Rare moose sighting delights passersby


WEST DUMMERSTON — The young bull moose that attracted a herd of tourists near the Dummerston Covered Bridge off Route 30 over the holiday weekend has vanished like the leaf peepers.

And that's probably a good thing and a sign of the moose's good health.

The moose, which exhibited double-pronged antlers, spent the weekend either in the West River, downstream from the famous covered bridge, or across Route 30 at the former Maple Valley ski area, and attracted a lot of attention from tourists and locals.

Cedric Alexander, the moose project leader for the Vermont Fish and Wildlife Department, said Tuesday that he hadn't been informed about the West River moose, but that all of the state's game wardens had specific protocols to follow when encountering moose that are ill or in distress. It's also rutting season for the moose, he said.

Alexander, who is based at the Fish and Wildlife's office in St. Johnsbury, said the greatest number of moose are in Essex County, which is part of the Northeast Kingdom, the most rural part of the state, and he estimated only a couple of hundred moose live in Windham County, and most likely in the foothills of the Green Mountains.

He said the state's moose population has dropped sharply in the past decade, so much so that the state has only issued 13 moose-hunting permits for 2018, bulls only. Not so long ago, he said, the state issued 1,000 hunting permits for the state's largest mammal. The state's moose population hit a high of about 5,000 animals in the early 2000s, but since then, the population has fallen to about 1,650.

The moose hunting season this year is limited to two wildlife management areas in the Northeast Kingdom, he said. Archery season ran from Oct. 1 through Oct. 7, and rifle season is Oct. 20 through Oct. 25.

Alexander said he is regularly called by game wardens who have had to humanely kill an animal that exhibits the behavior of brain worm, which can kill the animal. He said he removes the skull cap to confirm the presence of the brain worm infection, but he said the macroscopic inspection is "often fruitless."

He said that southern Vermont moose are more susceptible to brain worm because of the higher presence of white-tailed deer, which are the host of the brain worm. But unlike their fellow ungulates, the brain worm is shed by the deer through their feces, only to be picked up by a snail, which the moose ingest.

Where there are more deer, there is more of a chance that the moose will pick up the infection, he said.

Brain worm disease is often called "circling disease" since the infection affects one of the hemispheres of its brain, and causes the moose to lose its sense of balance. "It ends up going in circles," he said.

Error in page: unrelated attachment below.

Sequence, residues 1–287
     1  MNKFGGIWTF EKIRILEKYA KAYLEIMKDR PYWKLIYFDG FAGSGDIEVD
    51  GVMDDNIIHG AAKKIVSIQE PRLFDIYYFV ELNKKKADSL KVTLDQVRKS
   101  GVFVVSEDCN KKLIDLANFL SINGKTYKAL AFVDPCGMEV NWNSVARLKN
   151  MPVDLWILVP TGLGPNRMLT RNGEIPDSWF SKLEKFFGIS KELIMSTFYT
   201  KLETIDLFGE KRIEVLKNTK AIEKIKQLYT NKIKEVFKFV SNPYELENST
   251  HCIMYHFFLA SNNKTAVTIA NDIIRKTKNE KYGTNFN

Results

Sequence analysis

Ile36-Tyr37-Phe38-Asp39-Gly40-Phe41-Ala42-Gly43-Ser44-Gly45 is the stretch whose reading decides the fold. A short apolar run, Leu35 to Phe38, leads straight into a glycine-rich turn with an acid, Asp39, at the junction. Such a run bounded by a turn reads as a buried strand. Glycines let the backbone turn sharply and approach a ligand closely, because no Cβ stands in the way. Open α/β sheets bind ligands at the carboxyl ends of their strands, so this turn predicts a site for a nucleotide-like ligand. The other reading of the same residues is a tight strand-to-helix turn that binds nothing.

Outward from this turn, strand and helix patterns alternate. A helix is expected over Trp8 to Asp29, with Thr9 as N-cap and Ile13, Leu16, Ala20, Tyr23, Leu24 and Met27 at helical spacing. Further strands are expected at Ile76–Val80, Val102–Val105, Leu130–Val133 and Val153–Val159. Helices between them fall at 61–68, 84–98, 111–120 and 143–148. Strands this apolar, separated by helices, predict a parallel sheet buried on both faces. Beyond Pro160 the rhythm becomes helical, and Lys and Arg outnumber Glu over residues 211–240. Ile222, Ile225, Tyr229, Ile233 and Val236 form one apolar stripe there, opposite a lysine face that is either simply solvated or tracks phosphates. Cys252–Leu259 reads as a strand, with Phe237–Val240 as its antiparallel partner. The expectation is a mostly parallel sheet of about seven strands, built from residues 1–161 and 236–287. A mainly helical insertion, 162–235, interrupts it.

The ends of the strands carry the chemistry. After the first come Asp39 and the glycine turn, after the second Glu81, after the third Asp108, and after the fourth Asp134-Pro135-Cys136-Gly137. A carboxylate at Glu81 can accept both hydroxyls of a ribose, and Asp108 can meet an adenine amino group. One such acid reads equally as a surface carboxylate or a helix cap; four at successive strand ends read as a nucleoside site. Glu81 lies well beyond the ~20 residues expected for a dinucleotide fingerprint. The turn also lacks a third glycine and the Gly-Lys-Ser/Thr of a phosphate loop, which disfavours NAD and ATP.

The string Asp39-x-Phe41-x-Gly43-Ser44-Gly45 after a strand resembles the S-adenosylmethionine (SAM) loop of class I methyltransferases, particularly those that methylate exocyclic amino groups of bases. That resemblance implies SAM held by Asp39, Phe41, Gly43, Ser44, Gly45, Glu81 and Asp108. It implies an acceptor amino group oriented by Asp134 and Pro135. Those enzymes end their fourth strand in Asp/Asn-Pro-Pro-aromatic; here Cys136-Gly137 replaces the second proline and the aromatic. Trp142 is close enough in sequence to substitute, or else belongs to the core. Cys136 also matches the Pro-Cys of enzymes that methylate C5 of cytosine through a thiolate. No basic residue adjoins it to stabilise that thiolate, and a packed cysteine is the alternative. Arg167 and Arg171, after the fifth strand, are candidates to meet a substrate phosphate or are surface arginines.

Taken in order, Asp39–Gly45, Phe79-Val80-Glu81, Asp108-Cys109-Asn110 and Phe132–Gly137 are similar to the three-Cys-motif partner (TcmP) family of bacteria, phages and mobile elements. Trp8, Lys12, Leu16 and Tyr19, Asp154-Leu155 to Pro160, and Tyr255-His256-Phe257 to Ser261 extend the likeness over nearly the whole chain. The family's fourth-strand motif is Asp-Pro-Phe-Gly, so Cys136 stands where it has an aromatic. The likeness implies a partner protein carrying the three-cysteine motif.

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He said the brain worm infection eventually leads the moose to lose its fear of humans. It will also lead to paralysis.

"The game wardens know the protocol for making the assessment," he said. Game warden Kelly Price, who covers the Dummerston area, was off-duty on Tuesday and couldn't be reached for comment.

Alexander said Vermont had lost its moose population for about 140 years, as it disappeared from the Green Mountains around 1830 and only returned in the 1970s, he said. The moose likely migrated from northern New Hampshire and Maine.

The moose were protected in 1896 by the Vermont Legislature, along with deer, as game laws first came into effect, he said.

He said the burgeoning tick population has decimated the moose herd, and he said the ticks are able to thrive because of the state's warming climate, and extended warm weather.

"Because the tick problem has become so severe, a lot of the calves are not making it through their first winter," Alexander said. In addition, the moose cows are underweight because of the ticks, and produce fewer viable calves.

He said the tick "scourge" is not widespread across the entire state, but where there are more moose — in the Northeast Kingdom — the tick population has "exploded."

Alexander said a case earlier this summer on Lake Champlain involving a moose which drowned in the lake was likely a cause of brain worm. People had speculated on social media that a crowd of people on shore prevented the animal from climbing out, forcing it back into the lake.

In good health, he said, moose are very strong "and can swim a long ways."

Meanwhile, a dispatcher at the Vermont State Police Westminster barracks said they hadn't received any calls about the moose on Tuesday, and at the West Dummerston Irving gas station/mini-mart, a short distance from where the moose was seen over the holiday weekend, a store employee said there hadn't been any sightings either.

People should keep a safe distance from moose, he said. "It's rutting season now and they can be aggressive," he said. People should not go up and try and pet them, he said.

Contact Susan Smallheer at ssmallheer@reformer.com or 802 254-2311, ext. 154.


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